I hadn’t been behind the wheel of a car since high school. I’d been afraid of cars my whole adult life, since the accident that hospitalized me for six weeks and stuck the fact of vampires deep in my brain like a festering cyst. I’d been afraid of a lot of things since then.
Like now, I was afraid of the injured vampire in the back of this Civic, stretching his torqued leg across the seat as best he could manage. Sig had given me an address, at the edge of the University District, and handed over his car keys.
I thought about what Sig had told me about where Nick lived. About how vampires die. I was afraid to ask why he had given it up so easily.
It was weird, how quickly driving came back to me. It helped that it was almost midnight and hardly anyone was on the road. At least the roads I stayed on. While I drove Miranda texted me with updates about Jenna at the ER. I wasn’t in a state to feel relief yet.
Behind me Sig hissed—the car’s suspension wasn’t kind to his knee. I slowed down, and realized I’d made a decision.
As I drove on the buildings around us thinned out. Then the trees. The horizon pulled back. I finally came to an empty parking lot and slowed to a stop.
“Where are we?” asked Sig. “We should have passed the Ave by now.”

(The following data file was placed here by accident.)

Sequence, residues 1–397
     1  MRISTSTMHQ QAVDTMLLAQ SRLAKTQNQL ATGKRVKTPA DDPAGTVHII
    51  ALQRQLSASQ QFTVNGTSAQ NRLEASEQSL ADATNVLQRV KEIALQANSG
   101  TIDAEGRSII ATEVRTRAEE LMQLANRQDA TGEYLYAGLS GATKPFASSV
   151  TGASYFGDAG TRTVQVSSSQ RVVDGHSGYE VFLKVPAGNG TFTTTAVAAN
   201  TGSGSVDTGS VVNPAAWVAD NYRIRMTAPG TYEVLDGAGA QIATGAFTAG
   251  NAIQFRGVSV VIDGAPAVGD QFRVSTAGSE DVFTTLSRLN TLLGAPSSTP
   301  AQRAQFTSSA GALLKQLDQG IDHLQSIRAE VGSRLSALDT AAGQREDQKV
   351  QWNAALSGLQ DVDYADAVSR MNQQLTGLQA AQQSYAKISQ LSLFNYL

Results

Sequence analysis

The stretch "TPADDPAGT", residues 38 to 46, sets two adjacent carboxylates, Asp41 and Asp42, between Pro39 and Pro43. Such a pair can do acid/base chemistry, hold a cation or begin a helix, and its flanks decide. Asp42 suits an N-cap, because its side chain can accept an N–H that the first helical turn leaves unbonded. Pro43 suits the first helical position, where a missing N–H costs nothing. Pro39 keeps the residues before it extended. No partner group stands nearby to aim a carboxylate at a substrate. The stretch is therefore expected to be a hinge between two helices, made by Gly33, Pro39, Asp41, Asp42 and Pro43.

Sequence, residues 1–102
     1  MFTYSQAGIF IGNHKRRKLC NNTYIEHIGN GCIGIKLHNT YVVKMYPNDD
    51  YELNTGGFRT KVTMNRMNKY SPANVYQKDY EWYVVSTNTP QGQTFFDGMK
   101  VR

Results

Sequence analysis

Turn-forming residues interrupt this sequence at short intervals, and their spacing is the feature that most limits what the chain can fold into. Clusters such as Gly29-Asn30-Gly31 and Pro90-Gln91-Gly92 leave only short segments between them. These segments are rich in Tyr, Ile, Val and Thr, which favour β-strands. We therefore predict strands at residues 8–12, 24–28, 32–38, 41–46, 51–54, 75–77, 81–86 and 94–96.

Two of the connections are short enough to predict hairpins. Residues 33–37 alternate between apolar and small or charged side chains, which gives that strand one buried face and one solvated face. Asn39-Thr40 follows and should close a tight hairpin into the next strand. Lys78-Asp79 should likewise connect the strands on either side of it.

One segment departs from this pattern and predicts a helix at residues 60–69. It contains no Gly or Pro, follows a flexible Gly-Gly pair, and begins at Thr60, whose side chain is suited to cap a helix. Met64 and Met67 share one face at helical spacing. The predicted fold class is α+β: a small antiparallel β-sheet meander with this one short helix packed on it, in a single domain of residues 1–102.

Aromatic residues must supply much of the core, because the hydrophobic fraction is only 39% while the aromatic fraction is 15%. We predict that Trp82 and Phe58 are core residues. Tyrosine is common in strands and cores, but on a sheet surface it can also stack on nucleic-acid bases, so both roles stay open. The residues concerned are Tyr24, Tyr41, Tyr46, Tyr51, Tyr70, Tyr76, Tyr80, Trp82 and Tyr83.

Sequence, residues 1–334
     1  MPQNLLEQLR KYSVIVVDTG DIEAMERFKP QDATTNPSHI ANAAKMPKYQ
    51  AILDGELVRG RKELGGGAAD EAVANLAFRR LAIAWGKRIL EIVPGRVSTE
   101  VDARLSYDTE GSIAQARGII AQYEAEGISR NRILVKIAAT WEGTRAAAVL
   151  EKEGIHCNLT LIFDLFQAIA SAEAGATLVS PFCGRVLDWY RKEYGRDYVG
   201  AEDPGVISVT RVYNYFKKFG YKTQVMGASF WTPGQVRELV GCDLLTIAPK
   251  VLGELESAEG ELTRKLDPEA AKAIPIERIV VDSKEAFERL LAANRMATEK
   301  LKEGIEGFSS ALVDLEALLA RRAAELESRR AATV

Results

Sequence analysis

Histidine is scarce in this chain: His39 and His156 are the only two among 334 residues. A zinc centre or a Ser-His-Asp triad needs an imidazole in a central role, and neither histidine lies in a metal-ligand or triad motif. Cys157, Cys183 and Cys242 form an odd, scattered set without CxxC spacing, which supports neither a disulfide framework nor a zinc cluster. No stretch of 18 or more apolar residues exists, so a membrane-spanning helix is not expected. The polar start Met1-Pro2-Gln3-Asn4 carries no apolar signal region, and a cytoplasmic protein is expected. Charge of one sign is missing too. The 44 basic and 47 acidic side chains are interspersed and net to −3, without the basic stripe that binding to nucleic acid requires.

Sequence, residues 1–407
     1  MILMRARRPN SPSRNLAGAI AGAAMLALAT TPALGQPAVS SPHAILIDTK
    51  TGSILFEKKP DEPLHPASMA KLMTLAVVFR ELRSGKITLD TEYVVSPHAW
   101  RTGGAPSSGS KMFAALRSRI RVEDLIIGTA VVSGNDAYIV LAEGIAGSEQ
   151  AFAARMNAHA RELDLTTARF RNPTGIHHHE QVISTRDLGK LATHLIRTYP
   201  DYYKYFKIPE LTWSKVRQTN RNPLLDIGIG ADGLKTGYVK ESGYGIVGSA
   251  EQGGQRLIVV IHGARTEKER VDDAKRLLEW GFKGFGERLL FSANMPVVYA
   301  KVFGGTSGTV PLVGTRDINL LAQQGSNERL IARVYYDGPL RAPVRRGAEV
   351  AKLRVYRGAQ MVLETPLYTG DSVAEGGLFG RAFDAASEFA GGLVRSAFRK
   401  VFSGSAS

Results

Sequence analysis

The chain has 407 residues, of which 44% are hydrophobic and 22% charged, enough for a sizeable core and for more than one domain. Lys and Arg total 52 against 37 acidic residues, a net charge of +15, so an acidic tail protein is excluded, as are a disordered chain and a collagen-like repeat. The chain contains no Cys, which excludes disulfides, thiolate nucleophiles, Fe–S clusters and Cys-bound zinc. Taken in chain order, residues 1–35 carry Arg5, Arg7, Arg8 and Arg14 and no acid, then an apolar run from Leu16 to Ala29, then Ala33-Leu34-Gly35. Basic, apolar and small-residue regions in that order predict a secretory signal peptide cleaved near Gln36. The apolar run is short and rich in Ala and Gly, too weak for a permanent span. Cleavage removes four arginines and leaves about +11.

I tried to keep my voice even. “Magnuson Park.”
I braced myself. I had taken him as far east as you could drive without taking a bridge, the opposite way from his apartment. Maybe Sig considered lunging at me in the next few seconds. Instead, he just leaned back against the door.
He sighed. “It’s fair.”
“What do you mean?”
“I knew you wouldn’t really let me… walk away. I’d have done it to you, to keep what I had going. Like I said, no one wants to die. But I don’t want to do this anymore either.”
“I’m sorry,” I told him for the last time.
“Can you help me out of the car, at least? My leg…”
I lifted him out of the backseat, still expecting him to tear my throat out at the last second, but he was done. I helped him down to the edge of the water.
It wasn’t much of a beach—the grass just ended where the lake started—but it was a place to sit. Sig laid back, stretching his leg out in front of him. We had some hours to kill, and I wasn’t leaving him alone.
I must have dozed off before Sig spoke again. “Nick’s been like this for longer than either of us have been alive. He won’t let it go. If you’re going after him, make your peace first.”
“What about you?” I asked.
Sig didn’t say anything else.
After a quiet eternity, dawn began erasing the stars. Kirkland appeared as a dark lump on the far side of Lake Washington. A pale strip reached up the sky and then crept toward us. When there was enough sunlight to see by, I watched Sig.
Quietly, quickly, patches of his skin darkened. They started grey and spread, like bruises, until he was black and dry as charcoal. Then, just as I started to see clearly, he began to crumble in on himself.
It could only have been minutes. In the end, there was nothing left of Sig but black dust in a heap of empty clothes.
Submitted by Corodon Fuller